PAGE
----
A new report released today from the software security firm Veracode contained alarming news about the data security practices of many federal agencies.
Veracode’s business is auditing the source code of applications for security vulnerabilities. The report documents 208,670 application scans conducted over 18 months for the company’s private and government customers. An analysis of the prevalence of security issues within software code, the application’s compliance with basic best security standards, and how frequently customers updated or fixed flawed applications are included in the report.
The study found that Web applications in use by federal agencies failed to comply with security standards 76 percent of the time. By contrast, financial service companies are in compliance a comforting-only-by-comparison 42 percent of the time.
In those 18 months of scans, 6.9 million security flaws were found; customers addressed 4.7 million of the flaws. Government agencies patched flaws only 27 percent of the time. Companies in the financial sector patched 87 percent of the time.
The government spent about $13 billion on cyber security in 2014, according to a report by the Office of Management and Budget. So why aren’t agencies patching software at a higher rate? Re/Code, in their coverage of the report, noted that there are no compliance demands or regulations requiring agencies to apply patches. Additionally, many agencies rely on outside contractors to code custom apps, or to deploy commercial software. Contracts with these companies rarely include the requirement to correct flawed coding or deploy patches.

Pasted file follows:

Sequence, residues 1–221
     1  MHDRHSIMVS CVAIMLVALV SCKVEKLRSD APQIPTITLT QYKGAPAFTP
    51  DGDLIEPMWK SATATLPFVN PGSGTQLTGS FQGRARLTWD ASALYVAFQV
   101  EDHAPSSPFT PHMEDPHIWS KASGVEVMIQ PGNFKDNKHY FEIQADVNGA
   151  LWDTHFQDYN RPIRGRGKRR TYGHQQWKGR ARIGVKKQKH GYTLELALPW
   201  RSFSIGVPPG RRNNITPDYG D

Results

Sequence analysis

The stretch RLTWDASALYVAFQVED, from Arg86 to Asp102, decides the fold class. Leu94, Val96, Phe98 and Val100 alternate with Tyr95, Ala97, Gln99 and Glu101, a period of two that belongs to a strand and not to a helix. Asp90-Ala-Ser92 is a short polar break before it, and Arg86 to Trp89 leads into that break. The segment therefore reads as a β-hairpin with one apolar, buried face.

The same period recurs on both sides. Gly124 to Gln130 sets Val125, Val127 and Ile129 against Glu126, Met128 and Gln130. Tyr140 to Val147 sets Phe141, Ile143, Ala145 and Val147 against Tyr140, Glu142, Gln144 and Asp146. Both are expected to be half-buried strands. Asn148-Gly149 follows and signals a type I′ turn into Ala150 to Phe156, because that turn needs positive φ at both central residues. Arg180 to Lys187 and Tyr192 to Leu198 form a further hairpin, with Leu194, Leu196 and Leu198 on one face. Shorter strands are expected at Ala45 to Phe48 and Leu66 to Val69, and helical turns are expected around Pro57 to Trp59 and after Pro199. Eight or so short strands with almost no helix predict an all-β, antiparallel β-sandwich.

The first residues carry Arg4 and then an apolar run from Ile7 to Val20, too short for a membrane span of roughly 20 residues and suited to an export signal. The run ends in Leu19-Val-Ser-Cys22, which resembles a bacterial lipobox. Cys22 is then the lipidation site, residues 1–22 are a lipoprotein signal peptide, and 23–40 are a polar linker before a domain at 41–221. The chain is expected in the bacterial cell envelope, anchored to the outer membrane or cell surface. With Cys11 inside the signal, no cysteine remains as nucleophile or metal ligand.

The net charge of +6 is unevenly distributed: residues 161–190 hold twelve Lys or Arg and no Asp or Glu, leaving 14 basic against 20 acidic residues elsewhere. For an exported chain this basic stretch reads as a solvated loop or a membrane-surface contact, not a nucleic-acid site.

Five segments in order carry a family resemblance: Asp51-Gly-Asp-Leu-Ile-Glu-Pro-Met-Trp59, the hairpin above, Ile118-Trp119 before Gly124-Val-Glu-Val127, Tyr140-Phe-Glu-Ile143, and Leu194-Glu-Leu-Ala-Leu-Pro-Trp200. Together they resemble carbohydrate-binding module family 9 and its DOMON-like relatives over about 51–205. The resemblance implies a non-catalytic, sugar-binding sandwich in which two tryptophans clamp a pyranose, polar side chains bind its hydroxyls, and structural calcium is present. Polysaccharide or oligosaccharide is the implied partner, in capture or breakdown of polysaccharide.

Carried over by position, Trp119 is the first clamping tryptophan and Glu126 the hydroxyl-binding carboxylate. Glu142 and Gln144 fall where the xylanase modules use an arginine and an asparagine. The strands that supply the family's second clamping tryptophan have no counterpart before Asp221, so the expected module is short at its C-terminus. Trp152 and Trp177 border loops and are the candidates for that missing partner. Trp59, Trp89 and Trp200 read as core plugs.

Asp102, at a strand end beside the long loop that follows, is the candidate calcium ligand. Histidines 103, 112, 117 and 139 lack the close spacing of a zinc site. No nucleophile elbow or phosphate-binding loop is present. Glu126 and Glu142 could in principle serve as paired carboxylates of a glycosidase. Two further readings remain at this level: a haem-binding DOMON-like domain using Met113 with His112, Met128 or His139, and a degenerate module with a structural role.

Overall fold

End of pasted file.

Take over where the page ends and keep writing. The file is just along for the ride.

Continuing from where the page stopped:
Many government agencies have failed to adopt the risk-based approach to security that is widely employed by businesses. Instead, they focus on meeting basic security requirements created by the government. While this compliance-based approach is solid, most security experts agree that it is not enough. A risk and policy-based approach is a more effective way to protect data. Follow the best practices outlined in compliance authority documents, and deploy additional, strong protections on the data that is likely to attract an attacker’s attention.
Veracode’s analysis substantiates what security experts expected to find after a recent report by the Government Accountability Office (GAO), which found that security incidents at federal agencies grew from 5,500 in 2006 to more than 67,000 in 2014. Incidents that involved personal data rose from about 10,500 to nearly 28,000 in 2014.
Gregory Wilshusen, GAO director for information security issues, is pushing agencies to ramp up their testing and audit processes, both to find problems and to help ensure that the problems are correctly remediated.
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